Managing water and wastewater systems is challenging during the best of times. But COVID-19 has exacerbated the challenge and maintaining normal operations while keeping the residential wastewater stream clear of clogs from nonflushable materials is more critical than ever.
Touted as modern conveniences, disposable consumer products such as disinfecting wipes and personal hygiene wipes are anything but, considering the havoc they can wreak on residential plumbing systems.
Intended to be tossed in the trash, many consumers instead flush these products, adding harmful synthetic material and artificial fibers to the wastewater stream.
These materials are marketed to go through your toilet, but unlike toilet paper, wipes don’t break up easily or quickly and can clog sewage treatment equipment and home septic systems. Clogs occur when a number of wipes get stuck in the pump, or if debris builds up on the wipes that are already stuck in the system.
Since COVID-19 outbreak began, utilities have reported more frequent clogging caused by consumers flushing disinfectant wipes and other materials, causing sewer overflows and backups. If not retrieved by hard-pressed plant technicians, the debris can literally shut down sewer systems, creating a cascading series of health emergencies.
Facing increasing amounts of nonflushable materials in the wastewater stream, several U.S. cities have mounted public awareness campaigns to inform citizens about wastewater infrastructure challenges and to encourage them to avoid throwing wipes, rags and other nondegradables in the toilet.
Along with public education to change consumer behavior, equipment manufacturers are creating new products and pumping technologies to mitigate the problems, costs and inconvenience caused by modern trash. Grinder pumps and vortex impellers are among the advanced pump technologies being used to handle the growing challenges of today’s debris-laden residential wastewater flows.
Grinder pumps: A grinder pump is a wastewater transportation device that helps transfer household waste, like flushable wipes, to the larger sewer system. Waste from toilets or sinks flow through a home’s pipes into a grinder pump’s holding tank.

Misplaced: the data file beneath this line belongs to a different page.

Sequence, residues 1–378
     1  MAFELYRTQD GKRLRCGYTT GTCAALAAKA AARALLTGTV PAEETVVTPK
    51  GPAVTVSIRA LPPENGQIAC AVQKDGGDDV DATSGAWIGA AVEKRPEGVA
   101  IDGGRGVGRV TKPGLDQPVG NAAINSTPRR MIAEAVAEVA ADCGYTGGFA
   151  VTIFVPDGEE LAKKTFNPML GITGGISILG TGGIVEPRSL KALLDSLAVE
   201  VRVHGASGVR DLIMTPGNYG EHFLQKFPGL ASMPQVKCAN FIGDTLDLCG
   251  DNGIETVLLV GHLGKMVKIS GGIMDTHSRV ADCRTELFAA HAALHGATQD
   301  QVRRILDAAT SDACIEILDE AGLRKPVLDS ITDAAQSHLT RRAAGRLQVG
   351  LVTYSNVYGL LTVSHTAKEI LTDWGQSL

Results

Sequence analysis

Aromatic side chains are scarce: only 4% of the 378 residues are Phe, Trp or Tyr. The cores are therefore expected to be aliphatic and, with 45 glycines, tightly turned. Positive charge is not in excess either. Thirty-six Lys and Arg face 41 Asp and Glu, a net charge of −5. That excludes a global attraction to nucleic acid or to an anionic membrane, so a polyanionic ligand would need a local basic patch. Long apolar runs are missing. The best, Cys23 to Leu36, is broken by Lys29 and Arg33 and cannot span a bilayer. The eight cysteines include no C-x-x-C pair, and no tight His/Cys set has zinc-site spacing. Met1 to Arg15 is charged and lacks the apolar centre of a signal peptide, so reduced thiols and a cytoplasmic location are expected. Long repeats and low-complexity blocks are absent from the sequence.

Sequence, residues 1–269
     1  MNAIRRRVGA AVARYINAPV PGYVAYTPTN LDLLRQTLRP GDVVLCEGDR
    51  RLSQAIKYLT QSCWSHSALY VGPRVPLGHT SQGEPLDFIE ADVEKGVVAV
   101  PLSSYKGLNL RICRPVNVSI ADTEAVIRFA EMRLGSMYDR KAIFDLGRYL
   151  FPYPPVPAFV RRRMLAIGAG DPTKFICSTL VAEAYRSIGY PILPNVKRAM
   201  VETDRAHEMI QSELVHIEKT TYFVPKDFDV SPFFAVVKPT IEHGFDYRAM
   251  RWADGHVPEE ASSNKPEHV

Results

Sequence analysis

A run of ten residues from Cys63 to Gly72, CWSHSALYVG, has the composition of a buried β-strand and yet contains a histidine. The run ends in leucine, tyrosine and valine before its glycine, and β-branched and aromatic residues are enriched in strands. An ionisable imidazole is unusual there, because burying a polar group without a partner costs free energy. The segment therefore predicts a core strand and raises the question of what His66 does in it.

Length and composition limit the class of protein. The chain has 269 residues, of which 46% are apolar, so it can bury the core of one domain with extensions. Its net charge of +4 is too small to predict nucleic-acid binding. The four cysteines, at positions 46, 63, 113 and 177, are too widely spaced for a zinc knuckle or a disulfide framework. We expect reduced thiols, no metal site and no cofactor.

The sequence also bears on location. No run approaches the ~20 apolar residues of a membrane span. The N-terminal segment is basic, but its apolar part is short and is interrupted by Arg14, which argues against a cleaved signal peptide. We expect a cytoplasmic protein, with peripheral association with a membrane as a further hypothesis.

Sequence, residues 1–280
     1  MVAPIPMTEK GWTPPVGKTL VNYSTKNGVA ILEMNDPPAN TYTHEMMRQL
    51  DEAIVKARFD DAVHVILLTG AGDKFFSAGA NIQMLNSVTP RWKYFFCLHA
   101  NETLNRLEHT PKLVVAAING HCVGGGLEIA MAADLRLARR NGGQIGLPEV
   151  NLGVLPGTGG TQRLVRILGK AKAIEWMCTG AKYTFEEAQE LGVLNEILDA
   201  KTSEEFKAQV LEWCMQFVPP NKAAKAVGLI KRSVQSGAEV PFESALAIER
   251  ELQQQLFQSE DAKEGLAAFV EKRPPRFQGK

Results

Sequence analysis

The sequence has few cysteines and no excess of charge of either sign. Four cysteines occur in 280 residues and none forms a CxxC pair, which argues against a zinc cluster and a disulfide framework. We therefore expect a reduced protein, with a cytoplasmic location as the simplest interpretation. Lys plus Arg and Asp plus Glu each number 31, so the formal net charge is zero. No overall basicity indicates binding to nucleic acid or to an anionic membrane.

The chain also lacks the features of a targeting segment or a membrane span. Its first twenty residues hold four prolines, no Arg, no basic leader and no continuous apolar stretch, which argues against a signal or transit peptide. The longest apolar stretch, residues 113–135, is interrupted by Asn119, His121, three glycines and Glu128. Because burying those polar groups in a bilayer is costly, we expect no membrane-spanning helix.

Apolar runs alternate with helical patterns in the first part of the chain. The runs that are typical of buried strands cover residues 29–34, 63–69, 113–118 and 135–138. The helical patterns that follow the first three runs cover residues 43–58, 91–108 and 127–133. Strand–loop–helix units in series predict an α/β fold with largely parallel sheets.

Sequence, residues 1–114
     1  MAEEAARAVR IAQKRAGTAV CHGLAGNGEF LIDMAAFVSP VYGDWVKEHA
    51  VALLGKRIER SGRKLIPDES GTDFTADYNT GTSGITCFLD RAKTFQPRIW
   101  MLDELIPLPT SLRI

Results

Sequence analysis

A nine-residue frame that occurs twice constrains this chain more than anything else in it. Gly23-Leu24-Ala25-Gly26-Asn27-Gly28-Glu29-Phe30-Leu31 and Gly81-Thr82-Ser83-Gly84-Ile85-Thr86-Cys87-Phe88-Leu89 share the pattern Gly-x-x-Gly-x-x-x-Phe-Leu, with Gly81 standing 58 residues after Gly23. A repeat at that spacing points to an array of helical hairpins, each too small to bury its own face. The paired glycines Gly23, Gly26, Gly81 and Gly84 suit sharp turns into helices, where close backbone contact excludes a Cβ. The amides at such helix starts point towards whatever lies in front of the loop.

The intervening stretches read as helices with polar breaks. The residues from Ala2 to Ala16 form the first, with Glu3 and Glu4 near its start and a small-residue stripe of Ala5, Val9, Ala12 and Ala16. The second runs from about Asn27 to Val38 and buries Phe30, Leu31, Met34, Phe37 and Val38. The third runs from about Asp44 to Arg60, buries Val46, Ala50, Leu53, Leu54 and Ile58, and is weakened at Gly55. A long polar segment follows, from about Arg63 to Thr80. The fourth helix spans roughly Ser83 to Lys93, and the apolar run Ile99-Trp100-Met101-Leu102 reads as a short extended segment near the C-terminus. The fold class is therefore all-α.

Once the wastewater inside the holding tank reaches a certain level, the grinder pump turns on, chopping waste materials into tiny bits and then pumping the slurry to the central sewage system or septic tank. Residential grinder pumps are designed for continuous use and are capable of grinding domestic sewage in high head sewage applications.
While grinder pumps are a good choice if solids like flushable wipes are present in the wastewater stream, it is important to understand that these pump installations still need to follow the rules of pump hydraulics.
For example, a minimum flow or scouring velocity needs to be maintained so solids are not permitted to settle down, which can cause issues further down the sewage line.
Vortex impellers: Vortex impellers are designed with a semi-open impeller recessed into the volute section of the pump. A recessed impeller design allows for the clear passage of solids, which helps prevent stringy, cloth-like materials and abrasive solids from collecting on the impeller and eventually clogging the system.
For example, if a pump has a 2-inch solids handling requirement, a common residential wastewater specification, the 2-inch sphere does not need to touch the impeller when it passes through the volute — the funnel-shaped opening — of the vortex pump. If the waste material traveling through the pump is stringy, stranded or even cloth-like, a vortex impeller helps prevent the slurry from forming a twisted mess that would otherwise bind or clog the pump.